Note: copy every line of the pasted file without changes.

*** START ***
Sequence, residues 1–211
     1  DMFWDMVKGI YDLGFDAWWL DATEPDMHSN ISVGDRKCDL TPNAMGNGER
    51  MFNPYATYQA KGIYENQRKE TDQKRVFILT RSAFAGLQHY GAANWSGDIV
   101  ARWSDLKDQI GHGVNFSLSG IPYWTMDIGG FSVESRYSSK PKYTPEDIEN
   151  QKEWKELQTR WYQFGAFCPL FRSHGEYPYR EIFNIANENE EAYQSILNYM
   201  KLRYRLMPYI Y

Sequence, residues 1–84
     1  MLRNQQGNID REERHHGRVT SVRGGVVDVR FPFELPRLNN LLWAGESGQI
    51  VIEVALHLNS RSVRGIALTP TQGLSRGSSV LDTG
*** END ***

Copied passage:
Sequence, residues 1–211
     1  DMFWDMVKGI YDLGFDAWWL DATEPDMHSN ISVGDRKCDL TPNAMGNGER
    51  MFNPYATYQA KGIYENQRKE TDQKRVFILT RSAFAGLQHY GAANWSGDIV
   101  ARWSDLKDQI GHGVNFSLSG IPYWTMDIGG FSVESRYSSK PKYTPEDIEN
   151  QKEWKELQTR WYQFGAFCPL FRSHGEYPYR EIFNIANENE EAYQSILNYM
   201  KLRYRLMPYI Y

Sequence, residues 1–84
     1  MLRNQQGNID REERHHGRVT SVRGGVVDVR FPFELPRLNN LLWAGESGQI
    51  VIEVALHLNS RSVRGIALTP TQGLSRGSSV LDTG